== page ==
"Stepping into 2019 I want to be more open, I want to be more open about the things I struggle with, and be able to be more vulnerable," she described in the post, below.

 
 
 
 
 
 
 
 
 
 
 
 
 
 

A post shared by Hailey Rhode Bieber (@haileybieber) on

"I’m a 22 years old, and the truth is no matter how amazing life may look from the outside I struggle…"

Battles with confidence appear to be a daily dilemma for young women, with society continuously placing pressure to look perfect on their shoulders.

"I’m insecure, I’m fragile, I’m hurting, I have fears, I have doubts, I have anxiety, I get sad, I get angry," she continued. 

 
 
 
 
 
 
 
 
 
 
 
 
 
 
 

A post shared by Hailey Rhode Bieber (@haileybieber) on

Hailey's honesty revolves around her self-esteem, describing how every single day is a "confidence battle";

"I have had more days than I can count where I’ve found myself scrolling through Instagram comparing myself, comparing my looks, feeling like I’m not good enough feeling like I lack so many things and really struggling to be confident in who I am because I constantly feel like I’m just not good enough." 

"I'm a human.. I'm a young woman, I'm learning who I am and, it's REALLY FREAKING HARD. It's hard finding who you are, but what's even harder is being picked apart and compared to other women while trying to do that," she opined.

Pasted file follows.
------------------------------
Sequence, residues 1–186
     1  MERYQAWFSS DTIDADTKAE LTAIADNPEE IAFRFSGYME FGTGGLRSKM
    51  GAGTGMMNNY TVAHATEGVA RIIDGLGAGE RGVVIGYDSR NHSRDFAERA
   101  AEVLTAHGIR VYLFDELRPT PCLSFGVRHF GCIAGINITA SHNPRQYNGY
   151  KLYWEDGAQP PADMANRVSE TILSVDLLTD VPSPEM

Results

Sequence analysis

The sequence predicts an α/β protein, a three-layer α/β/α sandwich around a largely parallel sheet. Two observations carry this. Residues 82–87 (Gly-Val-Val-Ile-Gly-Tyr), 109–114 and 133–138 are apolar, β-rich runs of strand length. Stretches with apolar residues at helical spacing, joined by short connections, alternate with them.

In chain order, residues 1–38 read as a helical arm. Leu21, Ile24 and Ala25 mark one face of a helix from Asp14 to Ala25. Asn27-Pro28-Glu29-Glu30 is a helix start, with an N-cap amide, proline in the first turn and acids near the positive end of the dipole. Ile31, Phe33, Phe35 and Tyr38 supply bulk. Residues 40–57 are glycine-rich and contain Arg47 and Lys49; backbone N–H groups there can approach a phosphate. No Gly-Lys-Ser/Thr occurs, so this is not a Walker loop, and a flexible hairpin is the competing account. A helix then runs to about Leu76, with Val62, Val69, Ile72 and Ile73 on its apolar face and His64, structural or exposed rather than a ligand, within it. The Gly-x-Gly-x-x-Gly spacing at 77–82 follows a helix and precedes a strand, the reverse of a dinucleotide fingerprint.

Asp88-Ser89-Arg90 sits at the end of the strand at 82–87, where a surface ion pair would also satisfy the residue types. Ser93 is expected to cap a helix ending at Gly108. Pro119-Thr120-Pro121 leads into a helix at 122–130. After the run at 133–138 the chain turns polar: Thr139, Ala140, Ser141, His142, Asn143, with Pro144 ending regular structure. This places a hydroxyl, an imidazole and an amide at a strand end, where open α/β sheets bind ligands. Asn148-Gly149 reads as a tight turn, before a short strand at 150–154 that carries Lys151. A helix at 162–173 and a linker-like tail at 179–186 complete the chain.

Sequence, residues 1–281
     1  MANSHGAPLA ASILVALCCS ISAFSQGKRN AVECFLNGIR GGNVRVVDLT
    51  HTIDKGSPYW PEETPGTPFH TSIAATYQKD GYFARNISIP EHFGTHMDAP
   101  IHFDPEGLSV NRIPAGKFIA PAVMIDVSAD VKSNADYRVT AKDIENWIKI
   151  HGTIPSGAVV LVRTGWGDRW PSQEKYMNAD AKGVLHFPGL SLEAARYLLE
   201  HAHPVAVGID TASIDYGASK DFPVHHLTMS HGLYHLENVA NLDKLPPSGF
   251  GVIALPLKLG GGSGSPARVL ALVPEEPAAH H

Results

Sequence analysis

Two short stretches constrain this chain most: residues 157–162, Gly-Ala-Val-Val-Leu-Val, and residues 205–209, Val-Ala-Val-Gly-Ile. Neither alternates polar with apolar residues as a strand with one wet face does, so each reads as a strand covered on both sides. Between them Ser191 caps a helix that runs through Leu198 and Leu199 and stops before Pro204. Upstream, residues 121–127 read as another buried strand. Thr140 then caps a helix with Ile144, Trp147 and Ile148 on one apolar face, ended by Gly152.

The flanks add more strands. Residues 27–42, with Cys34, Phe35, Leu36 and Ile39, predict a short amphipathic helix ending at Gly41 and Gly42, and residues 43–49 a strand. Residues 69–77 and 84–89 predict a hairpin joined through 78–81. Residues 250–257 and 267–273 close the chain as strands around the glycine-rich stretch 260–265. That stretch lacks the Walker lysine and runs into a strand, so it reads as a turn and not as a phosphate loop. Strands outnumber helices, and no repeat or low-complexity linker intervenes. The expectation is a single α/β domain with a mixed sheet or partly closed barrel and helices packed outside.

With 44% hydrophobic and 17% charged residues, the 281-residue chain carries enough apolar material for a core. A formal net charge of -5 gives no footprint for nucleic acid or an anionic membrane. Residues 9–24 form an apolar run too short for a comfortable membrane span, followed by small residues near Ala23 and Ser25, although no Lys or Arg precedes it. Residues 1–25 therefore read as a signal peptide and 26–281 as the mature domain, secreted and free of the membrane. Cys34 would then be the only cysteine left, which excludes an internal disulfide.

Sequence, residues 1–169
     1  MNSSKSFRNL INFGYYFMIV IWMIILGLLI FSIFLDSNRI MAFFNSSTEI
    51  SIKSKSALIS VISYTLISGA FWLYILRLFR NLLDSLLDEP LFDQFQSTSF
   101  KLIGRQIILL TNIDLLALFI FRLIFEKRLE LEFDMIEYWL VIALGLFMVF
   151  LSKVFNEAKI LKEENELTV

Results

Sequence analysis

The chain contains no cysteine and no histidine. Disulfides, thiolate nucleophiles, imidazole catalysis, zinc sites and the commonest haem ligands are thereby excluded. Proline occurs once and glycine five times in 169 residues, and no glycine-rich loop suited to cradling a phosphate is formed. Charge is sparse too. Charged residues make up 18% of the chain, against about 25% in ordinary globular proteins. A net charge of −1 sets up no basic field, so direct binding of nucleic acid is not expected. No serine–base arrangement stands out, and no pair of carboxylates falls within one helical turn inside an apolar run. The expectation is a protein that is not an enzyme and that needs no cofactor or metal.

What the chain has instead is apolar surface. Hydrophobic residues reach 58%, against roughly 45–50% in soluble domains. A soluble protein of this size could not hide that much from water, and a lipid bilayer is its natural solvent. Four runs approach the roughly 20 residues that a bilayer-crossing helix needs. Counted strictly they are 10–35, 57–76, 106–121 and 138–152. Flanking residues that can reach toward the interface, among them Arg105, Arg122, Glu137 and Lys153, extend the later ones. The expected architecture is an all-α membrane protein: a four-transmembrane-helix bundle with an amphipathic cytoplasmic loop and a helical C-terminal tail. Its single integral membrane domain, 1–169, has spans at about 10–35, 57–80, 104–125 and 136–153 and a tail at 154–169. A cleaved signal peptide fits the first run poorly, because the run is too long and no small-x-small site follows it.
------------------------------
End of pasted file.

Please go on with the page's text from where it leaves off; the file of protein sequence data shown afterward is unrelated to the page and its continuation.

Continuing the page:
A post shared by Hailey Rhode Bieber (@haileybieber) on

Hailey explained at the conclusion of her post that she's not "writing this for a pity party," rather for her fans to see their own beauty inside and out.

"It would be incredible if other young girls and women could find it in themselves to lift each other up, to stop making other women who are struggling JUST LIKE THEM, feel incompetent and less than," she asked for her fans to see the positive side.

"We ALL have flaws, and that will never change. What I do know is, God made us individuals for a reason, with our own beauty, our own personalities, and our own story because there's a specific plan and purpose for each and every human created and he makes no mistakes!!"

 
 
 
 
 
 
 
 
 
 
 
 
 
 
 

A post shared by Hailey Rhode Bieber (@haileybieber) on

The famous model has taken social media breaks before, as well as opening up about the difficulties of Instagram negativity and trolling;

"Whenever I take breaks from it I feel so much better so much happy as a person.. the second I come back on I get immediate anxiety, I get sad and I get worked up," she typed in one of the images.

The constant media attention and focus on her appearance unsurprisingly takes its toll.

"The negativity screams so loud."

 
 
 
 
 
 
 
 
 
 
 
 
 
 
 

A post shared by Hailey Rhode Bieber (@haileybieber) on